6 REASON 4 It All Has To Work Together All these developments in technology and society create a mandate for automakers and OEMs: You come to the driver and just help them, so they ll feel like saying thank you, that was awesome, DMI s Mike Austin says. Their watch, phone, car, and everything else should just mesh together and help them out. That s your sweet spot. Automotive infotainment units have evolved dramatically from AM radios to cassette decks to GPS screens and beyond. But that section of dashboard represents only a sliver of the driving experience. Voice recognition, personal-assistant apps, wearable devices, and mobile technologies are reshaping consumer behavior and elevating their expectations. Consumers are becoming more conditioned to see technology as an ally in their everyday struggles. And there s more to it than optimizing what drivers see, hear, and feel. DMI recently revamped an automaker s mobile app but made only minor changes to the user interface. The lion s share of the development work went into improving the app s server-side, cloud-based capabilities. Our app pretty much goes to the cloud for everything, Austin said. It's kind of like the mothership, receiving messages from the car and sending them to the app. That s just one use case for cloud computing, which is paving the way for enhanced voicecommand functionality in cars and next-gen functions like IoT and conversational commerce. What will this convergence of functions look like down the road? I see it as a car perceived as a smart being. It s smart enough to know it needs an oil change or that a window s open on a rainy day, DMI s Blake Almstead says. It's going to be more like an assistant that speaks directly to a driver whenever and wherever it s needed. CX in Automotive 5

7 Driving a Better Customer Experience Ultimately, enhancing customer experience in the auto sector is about intuitively understanding what drivers want and delivering it to them when and where they expect it. That builds a sense of gratitude that cements trust between a driver and a manufacturer. You want that moment where the car s technology anticipates a driver s need and satisfies it without having to be asked. As DMI s Mike Austin puts it, It s like your car knows what to do, and you don't have to do anything. Tips for Building Driver-Centric Experiences Empathy is the core of driver-centered design. You have to put yourself in the shoes of the driver and try to get other people especially those who make the decisions to put themselves in those shoes and ask, Would you really do that? Would you really want that? DMI s Chelsea Wrobel says. Staying driver-centered applies across the CX spectrum, from development to testing to deployment. DMI s Mike Austin, a veteran ios developer, shared these development tips: Stay fast and flexible: Listen closely to what the customer wants and make sure you can adapt to changes quickly. Make code easy to change. Write your code so it can be modified quickly. Tightly coupled code will be harder to modify, and you want to reduce the pain when making changes. Test thoroughly. Everybody on the development team should see what the driver would see. They should test every action as the driver would do it. Overall, you want to keep everything as simple as possible. Screen-based tools tend to throw too much at users. Keeping functions off the screen can reduce information overload. CX in Automotive 6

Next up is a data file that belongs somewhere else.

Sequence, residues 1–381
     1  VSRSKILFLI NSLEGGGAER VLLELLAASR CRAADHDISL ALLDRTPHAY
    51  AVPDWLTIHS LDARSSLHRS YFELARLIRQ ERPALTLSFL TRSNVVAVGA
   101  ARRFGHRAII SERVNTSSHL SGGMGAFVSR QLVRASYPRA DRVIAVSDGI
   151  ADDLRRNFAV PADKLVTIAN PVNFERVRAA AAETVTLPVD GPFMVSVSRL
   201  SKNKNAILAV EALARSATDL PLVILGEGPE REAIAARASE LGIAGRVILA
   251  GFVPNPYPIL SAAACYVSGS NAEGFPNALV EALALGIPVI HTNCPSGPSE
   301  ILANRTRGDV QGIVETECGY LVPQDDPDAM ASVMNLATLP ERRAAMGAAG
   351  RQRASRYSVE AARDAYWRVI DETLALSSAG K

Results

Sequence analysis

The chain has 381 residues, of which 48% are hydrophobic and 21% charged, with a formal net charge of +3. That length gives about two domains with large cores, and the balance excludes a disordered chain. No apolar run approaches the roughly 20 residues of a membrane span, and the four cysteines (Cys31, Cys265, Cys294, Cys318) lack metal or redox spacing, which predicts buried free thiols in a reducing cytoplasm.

8 DMI INSIGHTS Additional CX Resources Learn more about trends in customer experience and how you can bring transformation to your business. READ NOW > READ NOW > CX in Automotive 7

9 2,500 EMPLOYEES 3,000+ MOBILE SITES & APPS CREATED 1.5M+ DEVICES UNDER MANAGEMENT 1B+ IOT CONNECTIONS MADE MEET DMI. At DMI, we help our clients navigate this revolution by taking a human-centric, mobile-first approach to disrupt their markets and evolve their business models. We re a new breed of partner that brings together the design-thinking of a digital agency with the rapid and iterative delivery of a modern IT services partner. With 21 offices worldwide, we ve been continually recognized by both Gartner and Forrester as a leader in mobile IT services. MOBILIZING FOR A CONNECTED WORLD P Learn more at Copyright 2018 Digital Management, LLC (DMI)